Ava Griffitt Named ‘Outstanding Delegate’ at Model UN Conference

Elizabeth Bolin, Staff Writer, Advanced Journalism

With all of the turmoil going on in global politics nowadays, knowledge of diplomacy becomes increasingly important.

Ava Griffitt, a senior here at the Academy, recently won the “Outstanding Delegate Award” at the Model UN conference in Milwaukee.

Model UN is an organization that seeks to model the actual events in the UN. At conferences each school participating is assigned a different country to represent.

“Usually, there are several main committees, each assigned to a different topic, such as cryptocurrency, the FAO or ocean plastic pollution,” explained Griffitt. “One person from each school is assigned to each Main Committee, and they have to research the stance of the country they’ve been assigned. The goal of each of the Main Committees is to draft a resolution -a solution- to try and fix their problem.”

Then four of the Main Committees converge and try to pass the resolutions in the smaller groups. Finally all of the Main Committees converge in the General Assembly and try to pass all of the resolutions that were passed in the smaller groups.

Griffitt was on one of the Main Committees last year, but she found it “pretty boring.”

Griffitt represented the Russian Federation, “Even though that meant I had a lot of power, I didn’t really have a say in anything after my original Main Committee was done with our resolution.”

This year, however, Griffitt was part of a Special Committee, The Joint Crisis Committee.

“Instead of everyone in my room representing a different country, we were all representing the same one. Instead of being nameless delegates, we were each given a different figure in history to represent. We were given a situation that was a turning point in the last century, and our goal was to play out the course of history to get what our country wanted.

“I was representing the Minister of Foreign Affairs for the USSR, Andrei Gromyko, in the Prague Spring of 1968. We ended up taking control of Czechoslovakia from the shadows, making the people there happy in thinking that they were free. In another room, another group was representing the Czechoslovakian government, and they ended up taking over Hungary and starting a revolution there. We ended the Committees by assassinating Leonid Brezhnev and taking control of the USSR through the KGB,” Griffitt explained.

Griffitt joined Model UN last year because she heard her sister talk about it at home.

“I was lucky that I got the chance to go to the big conference and represent Russia in discussing issues with and the solutions to the food crisis and the FAO,” she said.

Griffitt had a lot of fun in the club and knew she would continue it into her senior year.

“I heard from Lily Schumacher and Clare Ravizza that the Special Committees and Councils were so much more fun, which is why I tried (and succeeded) in getting a spot in the JCC this year.”

Model UN is not all just fun and games.

“Personally, I have a really hard time talking in front of people when I know they are going to disagree with what I have to say. That’s an issue I ran into last year, as Russia’s stances go against the stances of many other countries,” described Griffitt.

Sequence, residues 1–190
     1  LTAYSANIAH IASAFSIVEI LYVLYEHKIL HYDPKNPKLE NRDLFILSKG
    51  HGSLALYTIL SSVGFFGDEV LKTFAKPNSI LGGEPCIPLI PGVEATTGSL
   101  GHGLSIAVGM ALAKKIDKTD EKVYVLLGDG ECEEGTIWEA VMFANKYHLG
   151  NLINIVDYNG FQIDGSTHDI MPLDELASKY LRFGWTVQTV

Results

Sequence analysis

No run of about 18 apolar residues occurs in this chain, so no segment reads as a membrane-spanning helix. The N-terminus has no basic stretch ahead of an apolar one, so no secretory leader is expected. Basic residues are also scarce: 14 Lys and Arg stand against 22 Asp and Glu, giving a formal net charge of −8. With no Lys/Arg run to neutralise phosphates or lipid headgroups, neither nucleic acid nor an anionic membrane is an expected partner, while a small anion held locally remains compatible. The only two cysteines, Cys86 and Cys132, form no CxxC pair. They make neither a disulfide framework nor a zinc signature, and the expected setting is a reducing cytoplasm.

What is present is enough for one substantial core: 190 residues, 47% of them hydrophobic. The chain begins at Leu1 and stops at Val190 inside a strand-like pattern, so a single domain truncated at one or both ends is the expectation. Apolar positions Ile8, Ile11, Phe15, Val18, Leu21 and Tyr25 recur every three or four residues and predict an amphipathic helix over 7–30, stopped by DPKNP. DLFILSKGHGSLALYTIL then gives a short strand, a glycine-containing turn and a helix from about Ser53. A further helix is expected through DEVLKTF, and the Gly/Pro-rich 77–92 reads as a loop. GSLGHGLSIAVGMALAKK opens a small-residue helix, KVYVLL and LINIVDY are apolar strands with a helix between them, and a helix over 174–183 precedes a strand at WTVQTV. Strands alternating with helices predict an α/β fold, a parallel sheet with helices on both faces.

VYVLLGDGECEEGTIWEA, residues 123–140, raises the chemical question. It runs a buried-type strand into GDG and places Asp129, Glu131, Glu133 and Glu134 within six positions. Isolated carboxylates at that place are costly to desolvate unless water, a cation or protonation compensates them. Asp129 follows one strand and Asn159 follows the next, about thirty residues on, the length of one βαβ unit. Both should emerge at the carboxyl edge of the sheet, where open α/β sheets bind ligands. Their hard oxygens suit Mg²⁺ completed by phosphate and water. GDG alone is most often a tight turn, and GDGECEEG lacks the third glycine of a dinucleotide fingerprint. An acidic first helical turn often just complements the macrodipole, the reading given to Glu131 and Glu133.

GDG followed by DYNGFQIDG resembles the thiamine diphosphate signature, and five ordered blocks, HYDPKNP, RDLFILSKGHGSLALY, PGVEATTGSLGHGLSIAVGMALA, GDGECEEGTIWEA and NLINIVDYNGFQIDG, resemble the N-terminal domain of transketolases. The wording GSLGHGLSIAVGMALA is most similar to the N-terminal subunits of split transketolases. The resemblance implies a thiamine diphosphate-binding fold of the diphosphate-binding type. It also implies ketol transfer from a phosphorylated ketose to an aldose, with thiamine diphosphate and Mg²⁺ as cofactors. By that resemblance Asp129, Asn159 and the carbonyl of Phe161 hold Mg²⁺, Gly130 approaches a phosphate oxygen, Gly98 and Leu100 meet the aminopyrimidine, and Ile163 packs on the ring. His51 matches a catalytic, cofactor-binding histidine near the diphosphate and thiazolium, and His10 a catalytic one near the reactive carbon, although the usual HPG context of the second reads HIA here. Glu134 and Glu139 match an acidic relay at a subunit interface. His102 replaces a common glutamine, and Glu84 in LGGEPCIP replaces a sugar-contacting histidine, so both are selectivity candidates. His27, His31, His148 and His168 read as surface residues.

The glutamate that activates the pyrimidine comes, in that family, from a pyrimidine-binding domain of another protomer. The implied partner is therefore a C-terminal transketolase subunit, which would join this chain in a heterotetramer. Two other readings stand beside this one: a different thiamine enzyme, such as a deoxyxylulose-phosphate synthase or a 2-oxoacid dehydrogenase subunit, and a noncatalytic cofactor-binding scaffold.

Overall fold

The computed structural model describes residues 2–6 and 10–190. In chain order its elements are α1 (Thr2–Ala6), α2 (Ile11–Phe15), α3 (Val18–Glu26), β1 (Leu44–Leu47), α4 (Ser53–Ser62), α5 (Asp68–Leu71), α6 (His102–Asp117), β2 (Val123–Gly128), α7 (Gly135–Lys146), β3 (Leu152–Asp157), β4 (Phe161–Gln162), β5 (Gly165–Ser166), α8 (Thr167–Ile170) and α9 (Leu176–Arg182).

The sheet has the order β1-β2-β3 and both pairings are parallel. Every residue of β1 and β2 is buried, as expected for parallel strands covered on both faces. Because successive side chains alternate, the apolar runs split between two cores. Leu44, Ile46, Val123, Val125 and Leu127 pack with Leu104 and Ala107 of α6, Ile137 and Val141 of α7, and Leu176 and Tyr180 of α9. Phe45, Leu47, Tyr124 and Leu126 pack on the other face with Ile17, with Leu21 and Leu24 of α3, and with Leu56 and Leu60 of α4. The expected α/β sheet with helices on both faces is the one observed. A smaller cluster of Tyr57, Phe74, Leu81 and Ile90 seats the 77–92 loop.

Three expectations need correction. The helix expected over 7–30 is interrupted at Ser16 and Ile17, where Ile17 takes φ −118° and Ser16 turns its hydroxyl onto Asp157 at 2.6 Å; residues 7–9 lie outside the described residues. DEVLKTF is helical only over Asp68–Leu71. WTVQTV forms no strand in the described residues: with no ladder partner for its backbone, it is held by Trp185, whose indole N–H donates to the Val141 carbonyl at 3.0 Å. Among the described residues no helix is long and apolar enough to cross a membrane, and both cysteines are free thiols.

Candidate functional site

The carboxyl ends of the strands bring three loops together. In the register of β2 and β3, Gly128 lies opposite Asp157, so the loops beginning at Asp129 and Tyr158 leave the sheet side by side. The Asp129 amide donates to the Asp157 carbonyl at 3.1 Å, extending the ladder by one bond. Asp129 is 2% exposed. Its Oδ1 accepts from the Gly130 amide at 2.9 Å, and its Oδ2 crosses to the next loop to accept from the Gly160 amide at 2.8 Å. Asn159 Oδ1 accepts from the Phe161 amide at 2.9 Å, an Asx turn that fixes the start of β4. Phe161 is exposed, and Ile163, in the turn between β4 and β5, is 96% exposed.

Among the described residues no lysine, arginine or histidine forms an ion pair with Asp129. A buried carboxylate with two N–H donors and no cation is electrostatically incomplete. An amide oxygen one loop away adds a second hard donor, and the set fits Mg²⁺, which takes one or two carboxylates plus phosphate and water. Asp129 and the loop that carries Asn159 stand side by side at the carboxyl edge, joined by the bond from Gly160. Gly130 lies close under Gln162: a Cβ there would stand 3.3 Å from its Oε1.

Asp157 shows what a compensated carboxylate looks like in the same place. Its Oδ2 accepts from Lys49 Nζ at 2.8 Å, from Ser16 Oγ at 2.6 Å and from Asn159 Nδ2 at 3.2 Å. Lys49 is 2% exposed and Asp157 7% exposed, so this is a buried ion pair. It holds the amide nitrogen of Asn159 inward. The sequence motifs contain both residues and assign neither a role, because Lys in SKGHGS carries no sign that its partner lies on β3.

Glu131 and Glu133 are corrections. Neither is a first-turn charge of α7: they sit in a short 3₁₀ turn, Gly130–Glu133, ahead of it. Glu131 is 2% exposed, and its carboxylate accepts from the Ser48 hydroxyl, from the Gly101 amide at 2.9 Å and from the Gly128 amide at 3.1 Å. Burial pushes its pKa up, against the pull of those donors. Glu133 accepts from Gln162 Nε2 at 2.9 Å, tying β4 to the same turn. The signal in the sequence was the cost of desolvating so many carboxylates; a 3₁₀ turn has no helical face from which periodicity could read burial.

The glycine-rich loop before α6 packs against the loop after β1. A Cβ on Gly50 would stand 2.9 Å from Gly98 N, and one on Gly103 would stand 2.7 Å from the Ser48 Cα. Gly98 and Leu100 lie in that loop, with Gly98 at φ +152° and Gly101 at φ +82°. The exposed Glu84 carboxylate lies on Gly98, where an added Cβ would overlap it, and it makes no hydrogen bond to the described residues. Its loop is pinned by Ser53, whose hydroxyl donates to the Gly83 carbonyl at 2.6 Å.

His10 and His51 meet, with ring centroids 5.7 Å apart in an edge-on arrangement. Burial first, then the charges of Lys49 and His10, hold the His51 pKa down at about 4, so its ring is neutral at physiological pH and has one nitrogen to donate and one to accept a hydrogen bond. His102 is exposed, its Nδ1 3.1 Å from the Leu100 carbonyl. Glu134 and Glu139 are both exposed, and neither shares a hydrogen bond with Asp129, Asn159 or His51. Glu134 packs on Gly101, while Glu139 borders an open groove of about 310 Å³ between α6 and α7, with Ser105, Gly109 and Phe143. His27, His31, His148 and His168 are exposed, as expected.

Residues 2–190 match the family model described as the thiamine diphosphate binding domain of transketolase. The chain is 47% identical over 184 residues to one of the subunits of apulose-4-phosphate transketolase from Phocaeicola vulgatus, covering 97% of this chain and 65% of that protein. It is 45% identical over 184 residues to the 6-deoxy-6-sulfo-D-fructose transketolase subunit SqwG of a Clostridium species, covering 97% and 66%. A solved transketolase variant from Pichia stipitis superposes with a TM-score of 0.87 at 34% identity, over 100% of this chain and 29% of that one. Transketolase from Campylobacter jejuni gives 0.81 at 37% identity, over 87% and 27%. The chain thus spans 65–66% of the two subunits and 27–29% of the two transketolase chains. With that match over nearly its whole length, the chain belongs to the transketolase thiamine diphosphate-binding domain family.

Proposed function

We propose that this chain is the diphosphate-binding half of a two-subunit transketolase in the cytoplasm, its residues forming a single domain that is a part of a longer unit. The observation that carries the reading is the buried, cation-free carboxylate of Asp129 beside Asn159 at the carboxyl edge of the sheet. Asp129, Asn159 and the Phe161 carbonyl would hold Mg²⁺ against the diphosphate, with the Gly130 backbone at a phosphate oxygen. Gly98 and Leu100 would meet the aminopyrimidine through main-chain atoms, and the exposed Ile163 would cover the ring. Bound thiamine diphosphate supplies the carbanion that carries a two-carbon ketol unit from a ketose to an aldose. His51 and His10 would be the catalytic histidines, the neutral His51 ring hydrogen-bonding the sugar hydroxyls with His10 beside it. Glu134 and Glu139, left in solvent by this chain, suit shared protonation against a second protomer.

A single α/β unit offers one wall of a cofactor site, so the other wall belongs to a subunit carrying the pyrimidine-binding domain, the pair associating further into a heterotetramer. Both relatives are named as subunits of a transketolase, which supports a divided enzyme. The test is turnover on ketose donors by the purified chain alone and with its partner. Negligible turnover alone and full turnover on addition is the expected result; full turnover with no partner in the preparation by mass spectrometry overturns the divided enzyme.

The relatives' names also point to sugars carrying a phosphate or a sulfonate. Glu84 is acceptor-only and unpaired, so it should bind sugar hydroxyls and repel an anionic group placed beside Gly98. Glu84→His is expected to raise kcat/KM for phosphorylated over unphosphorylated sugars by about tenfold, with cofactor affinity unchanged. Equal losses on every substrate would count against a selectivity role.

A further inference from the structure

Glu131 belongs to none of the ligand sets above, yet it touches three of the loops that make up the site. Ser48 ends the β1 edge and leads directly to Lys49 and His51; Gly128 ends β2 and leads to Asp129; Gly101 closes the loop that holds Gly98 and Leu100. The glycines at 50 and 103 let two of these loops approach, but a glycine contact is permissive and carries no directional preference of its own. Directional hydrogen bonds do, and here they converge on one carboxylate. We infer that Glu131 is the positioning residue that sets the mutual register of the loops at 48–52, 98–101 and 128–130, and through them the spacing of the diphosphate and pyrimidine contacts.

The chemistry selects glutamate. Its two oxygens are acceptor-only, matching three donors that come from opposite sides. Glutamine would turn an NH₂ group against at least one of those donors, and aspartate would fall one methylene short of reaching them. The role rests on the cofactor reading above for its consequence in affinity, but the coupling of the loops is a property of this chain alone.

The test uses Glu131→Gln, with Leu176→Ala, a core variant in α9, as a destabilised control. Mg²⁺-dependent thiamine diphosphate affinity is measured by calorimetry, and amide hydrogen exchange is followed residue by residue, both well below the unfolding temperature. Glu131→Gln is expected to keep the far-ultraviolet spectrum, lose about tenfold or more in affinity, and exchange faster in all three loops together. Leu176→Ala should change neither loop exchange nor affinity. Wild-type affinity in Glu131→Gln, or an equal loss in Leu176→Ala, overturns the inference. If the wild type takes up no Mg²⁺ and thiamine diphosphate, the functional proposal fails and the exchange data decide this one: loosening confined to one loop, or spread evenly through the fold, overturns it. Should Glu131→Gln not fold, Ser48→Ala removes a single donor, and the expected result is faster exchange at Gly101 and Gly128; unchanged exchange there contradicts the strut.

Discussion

“Furthermore, the way everything is structured is meant to model the actual UN— including the speaking procedures. It’s really intimidating to be in Moderated Caucuses and Round Robins, where you only have 30 seconds to a minute to state your stance while everyone in the room stares at you.”

Fortunately, that’s the hardest part of the club. “However, I find it really fun to form alliances with people and try to get solutions the way I/my country wants. That makes the stress worth it,” she said.

Griffitt prepares for the conferences by reading the government policies and past UN statements from whatever country she is representing.

“I’ll also look at the major news sources from the country and see what they are reporting and how they report. This year, since I wasn’t in one of the Main Committees, I read through the timeline of the Prague Spring and thought about the causes and effects of the uprising.”

Anyone who knows Ava is not surprised she was chosen as the Outstanding Delegate. The award goes to the person who most accurately represents their “character.”

“Since I was the minister of foreign affairs, I thought that I should constantly check with other countries to see what their view of the USSR was. I think that our moderator (who was representing Leonid Brezhnev) thought I was doing a good job.”

Griffitt remains modest, stating that she had an “advantage” with her Committee.

“Since there were only 9 of us, the chances that I would stand out were much higher than in the Main committees, where there were close to 100 people.”

Next year, the University of Wisconsin – Milwaukee is planning to give out scholarships to students who go there and are a part of Model UN. “For me personally,” shared Griffitt, “I just find it really cool to learn more about global politics. Meeting other people with similar interests is also a major plus.”

Although Griffitt is planning to pursue a career in the medical field, she believes diplomacy is important in every career.

As for people who might be considering Model UN?

“Honestly, you have nothing to lose! Being in a club is fun, and if you make it to the big conference, you can be as involved or uninvolved as you like.”